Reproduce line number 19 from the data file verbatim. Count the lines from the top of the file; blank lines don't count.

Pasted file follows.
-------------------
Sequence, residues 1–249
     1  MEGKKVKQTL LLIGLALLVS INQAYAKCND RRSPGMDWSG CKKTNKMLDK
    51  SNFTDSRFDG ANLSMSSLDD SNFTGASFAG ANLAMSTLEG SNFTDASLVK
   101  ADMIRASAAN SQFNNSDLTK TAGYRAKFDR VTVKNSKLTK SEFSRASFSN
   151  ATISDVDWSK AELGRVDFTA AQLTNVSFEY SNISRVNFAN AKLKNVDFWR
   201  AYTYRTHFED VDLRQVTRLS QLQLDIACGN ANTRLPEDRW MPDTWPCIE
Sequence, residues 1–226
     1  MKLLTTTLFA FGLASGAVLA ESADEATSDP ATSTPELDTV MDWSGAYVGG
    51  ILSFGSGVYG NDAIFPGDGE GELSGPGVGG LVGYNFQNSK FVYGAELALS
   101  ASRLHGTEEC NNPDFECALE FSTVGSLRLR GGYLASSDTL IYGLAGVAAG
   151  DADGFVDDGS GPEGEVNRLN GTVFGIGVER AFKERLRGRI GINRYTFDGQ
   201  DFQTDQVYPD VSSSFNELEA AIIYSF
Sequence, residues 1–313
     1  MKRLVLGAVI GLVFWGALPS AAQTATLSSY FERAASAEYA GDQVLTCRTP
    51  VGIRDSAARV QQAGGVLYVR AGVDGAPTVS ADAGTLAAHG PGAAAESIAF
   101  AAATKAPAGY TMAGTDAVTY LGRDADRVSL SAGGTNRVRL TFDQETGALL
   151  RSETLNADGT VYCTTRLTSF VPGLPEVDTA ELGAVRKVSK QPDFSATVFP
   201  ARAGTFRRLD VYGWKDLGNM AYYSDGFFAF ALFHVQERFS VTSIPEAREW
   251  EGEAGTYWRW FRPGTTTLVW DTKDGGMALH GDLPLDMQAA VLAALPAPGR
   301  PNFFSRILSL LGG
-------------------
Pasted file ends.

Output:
   251  EGEAGTYWRW FRPGTTTLVW DTKDGGMALH GDLPLDMQAA VLAALPAPGR